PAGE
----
Updated: Feb 15
This may come as a shock to many of you, but Eleanor Roosevelt never said "no one can make you feel inferior with out your consent."
In 1935, The Secretary of Labor was invited to give a speech during the Charter Day Celebration of The University of Berkley. The usual host of this event was upset because she did not feel that the speech should be given by a political figure, and thus refused to actually host the event. Many in the press felt this was an insult to the Secretary of Labor.
Eleanor Roosevelt was asked during a press conference if she felt that this refusal was a snub to the Secretary of Labor. The then First Lady was quoted in an associated press article as saying, "A snub is the effort of a person who feels superior to make someone else feel inferior. To do so, he has to find someone who can be made to feel inferior" According to the AP article, Elenore Roosevelt went on to state that she did not feel the Secretary of Labor fell within the category of 'snubable'
Through the many articles written about her response to the question of if the Secretary of Labor was insulted, Mrs. Roosevelt's words were creatively rearranged and simplified. Thus leaving us with the now 'famous' quote of "No one can make you feel inferior without your consent."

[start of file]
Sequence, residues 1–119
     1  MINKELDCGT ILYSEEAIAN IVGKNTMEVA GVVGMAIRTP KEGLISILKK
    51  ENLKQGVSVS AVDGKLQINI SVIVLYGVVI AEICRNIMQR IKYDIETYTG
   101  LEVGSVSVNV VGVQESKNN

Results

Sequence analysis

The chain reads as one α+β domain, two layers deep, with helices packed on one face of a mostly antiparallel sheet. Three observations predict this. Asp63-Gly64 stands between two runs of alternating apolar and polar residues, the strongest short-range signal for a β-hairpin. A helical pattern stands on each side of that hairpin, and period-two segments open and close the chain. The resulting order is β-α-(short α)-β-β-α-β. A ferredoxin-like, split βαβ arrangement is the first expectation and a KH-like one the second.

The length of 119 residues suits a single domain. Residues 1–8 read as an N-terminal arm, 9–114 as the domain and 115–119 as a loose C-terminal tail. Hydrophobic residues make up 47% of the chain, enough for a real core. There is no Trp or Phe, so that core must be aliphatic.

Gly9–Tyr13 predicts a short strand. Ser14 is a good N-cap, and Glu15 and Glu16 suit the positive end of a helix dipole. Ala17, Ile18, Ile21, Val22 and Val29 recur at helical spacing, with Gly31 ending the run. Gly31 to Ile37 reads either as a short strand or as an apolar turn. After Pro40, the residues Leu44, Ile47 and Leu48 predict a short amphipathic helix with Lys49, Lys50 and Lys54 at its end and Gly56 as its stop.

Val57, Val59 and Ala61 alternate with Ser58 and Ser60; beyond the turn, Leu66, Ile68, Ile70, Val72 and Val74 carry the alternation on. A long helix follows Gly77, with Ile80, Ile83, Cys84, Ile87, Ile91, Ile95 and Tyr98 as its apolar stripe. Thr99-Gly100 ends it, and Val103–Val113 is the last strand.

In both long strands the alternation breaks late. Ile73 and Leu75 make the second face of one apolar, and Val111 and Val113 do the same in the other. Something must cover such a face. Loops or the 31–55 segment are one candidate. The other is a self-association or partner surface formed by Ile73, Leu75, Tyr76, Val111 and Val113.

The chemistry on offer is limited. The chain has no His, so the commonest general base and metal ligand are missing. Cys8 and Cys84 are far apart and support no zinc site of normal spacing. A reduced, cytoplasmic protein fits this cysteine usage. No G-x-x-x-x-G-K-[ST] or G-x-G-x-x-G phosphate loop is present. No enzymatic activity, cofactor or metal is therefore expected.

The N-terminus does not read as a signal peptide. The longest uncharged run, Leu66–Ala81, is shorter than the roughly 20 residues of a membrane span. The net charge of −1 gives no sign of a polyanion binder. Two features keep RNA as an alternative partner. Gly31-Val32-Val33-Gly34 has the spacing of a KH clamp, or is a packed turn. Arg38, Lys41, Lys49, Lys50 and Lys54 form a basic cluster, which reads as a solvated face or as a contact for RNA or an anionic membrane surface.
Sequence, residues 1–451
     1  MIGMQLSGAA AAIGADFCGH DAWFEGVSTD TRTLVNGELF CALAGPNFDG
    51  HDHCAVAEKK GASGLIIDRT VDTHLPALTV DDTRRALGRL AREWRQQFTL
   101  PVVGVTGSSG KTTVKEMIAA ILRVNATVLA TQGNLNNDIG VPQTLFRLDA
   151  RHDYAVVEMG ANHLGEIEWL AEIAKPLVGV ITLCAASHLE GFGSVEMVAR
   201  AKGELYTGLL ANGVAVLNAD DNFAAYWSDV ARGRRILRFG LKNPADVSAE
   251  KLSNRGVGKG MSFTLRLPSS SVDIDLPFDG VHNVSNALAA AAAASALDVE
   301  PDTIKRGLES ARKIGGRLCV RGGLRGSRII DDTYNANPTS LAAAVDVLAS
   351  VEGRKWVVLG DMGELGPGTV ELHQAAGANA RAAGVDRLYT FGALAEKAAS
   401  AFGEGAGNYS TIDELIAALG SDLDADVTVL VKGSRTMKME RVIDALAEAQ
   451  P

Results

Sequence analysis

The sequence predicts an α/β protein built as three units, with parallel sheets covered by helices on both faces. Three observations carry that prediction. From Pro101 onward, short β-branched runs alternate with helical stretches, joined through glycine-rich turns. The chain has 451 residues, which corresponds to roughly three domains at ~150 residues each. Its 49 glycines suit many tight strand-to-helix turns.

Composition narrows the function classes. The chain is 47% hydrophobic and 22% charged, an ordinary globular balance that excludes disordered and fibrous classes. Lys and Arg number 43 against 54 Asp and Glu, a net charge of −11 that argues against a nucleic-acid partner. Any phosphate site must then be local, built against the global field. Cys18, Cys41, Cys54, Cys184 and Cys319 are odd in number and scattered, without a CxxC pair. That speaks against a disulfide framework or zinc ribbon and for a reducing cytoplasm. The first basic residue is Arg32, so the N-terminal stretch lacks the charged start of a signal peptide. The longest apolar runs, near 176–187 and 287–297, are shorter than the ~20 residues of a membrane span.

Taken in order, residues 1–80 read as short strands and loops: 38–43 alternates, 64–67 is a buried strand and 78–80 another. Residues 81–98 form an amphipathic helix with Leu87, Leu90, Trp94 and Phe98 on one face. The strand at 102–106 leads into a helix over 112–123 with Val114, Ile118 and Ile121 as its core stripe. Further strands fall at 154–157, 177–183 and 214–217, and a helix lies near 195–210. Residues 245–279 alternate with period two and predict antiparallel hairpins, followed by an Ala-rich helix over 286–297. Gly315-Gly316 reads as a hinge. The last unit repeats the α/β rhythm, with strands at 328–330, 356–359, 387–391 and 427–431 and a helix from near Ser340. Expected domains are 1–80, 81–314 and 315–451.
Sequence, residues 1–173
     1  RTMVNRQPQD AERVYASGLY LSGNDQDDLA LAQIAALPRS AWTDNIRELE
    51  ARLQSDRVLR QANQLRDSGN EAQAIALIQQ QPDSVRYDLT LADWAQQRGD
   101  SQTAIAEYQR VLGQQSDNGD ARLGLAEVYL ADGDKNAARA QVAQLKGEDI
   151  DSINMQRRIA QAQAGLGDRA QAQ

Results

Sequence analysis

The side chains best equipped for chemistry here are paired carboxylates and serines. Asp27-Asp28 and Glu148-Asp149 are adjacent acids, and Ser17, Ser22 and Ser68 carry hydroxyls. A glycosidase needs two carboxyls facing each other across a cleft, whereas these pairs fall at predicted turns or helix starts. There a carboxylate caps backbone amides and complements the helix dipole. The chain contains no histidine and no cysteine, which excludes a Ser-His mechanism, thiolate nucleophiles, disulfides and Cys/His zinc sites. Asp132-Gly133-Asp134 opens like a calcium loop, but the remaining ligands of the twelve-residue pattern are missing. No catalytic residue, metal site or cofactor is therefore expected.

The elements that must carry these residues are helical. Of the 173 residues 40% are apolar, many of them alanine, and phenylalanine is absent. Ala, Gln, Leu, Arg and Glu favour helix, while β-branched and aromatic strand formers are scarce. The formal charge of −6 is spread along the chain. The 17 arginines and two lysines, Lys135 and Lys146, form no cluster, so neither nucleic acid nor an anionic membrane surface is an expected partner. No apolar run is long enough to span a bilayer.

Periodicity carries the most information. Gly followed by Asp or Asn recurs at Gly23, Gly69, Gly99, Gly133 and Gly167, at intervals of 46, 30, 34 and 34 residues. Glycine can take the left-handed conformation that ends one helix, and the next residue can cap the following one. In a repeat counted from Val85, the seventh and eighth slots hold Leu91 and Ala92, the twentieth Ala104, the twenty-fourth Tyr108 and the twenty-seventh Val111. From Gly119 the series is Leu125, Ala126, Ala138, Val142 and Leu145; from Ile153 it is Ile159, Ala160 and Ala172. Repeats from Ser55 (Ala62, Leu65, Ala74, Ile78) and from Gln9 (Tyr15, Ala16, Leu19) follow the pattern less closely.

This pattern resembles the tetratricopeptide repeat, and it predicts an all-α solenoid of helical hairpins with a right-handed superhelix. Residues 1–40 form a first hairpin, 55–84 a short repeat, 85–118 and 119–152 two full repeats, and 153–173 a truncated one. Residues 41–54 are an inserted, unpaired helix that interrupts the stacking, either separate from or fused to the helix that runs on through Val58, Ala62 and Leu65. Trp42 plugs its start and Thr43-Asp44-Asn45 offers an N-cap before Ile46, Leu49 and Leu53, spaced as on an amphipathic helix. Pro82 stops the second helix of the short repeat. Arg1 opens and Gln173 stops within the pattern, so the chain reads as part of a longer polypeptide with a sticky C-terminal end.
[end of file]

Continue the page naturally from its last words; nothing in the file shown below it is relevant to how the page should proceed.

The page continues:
Which leaves us with No, Elenore Roosevelt never actually said the quote she is famous for. But that does not mean that the aphorism isn't relevant or correct. In fact, it is completely true in it's simplified version.
If you stand in your own power, know who you are now, own your past with the knowledge that you did your best with what you knew at the time, you can stand on solid ground and not allow anyone to make you feel inferior.
Stand in your Power today my friends. ~Becka P.S. If you are struggling to know your Power, connect with me and I can help guide you to find your Power and live a life feel of feeling inferior.
Quote of the Week
Elenore Roosevelt - loosely credited
"No one can make you feel inferior without your consent."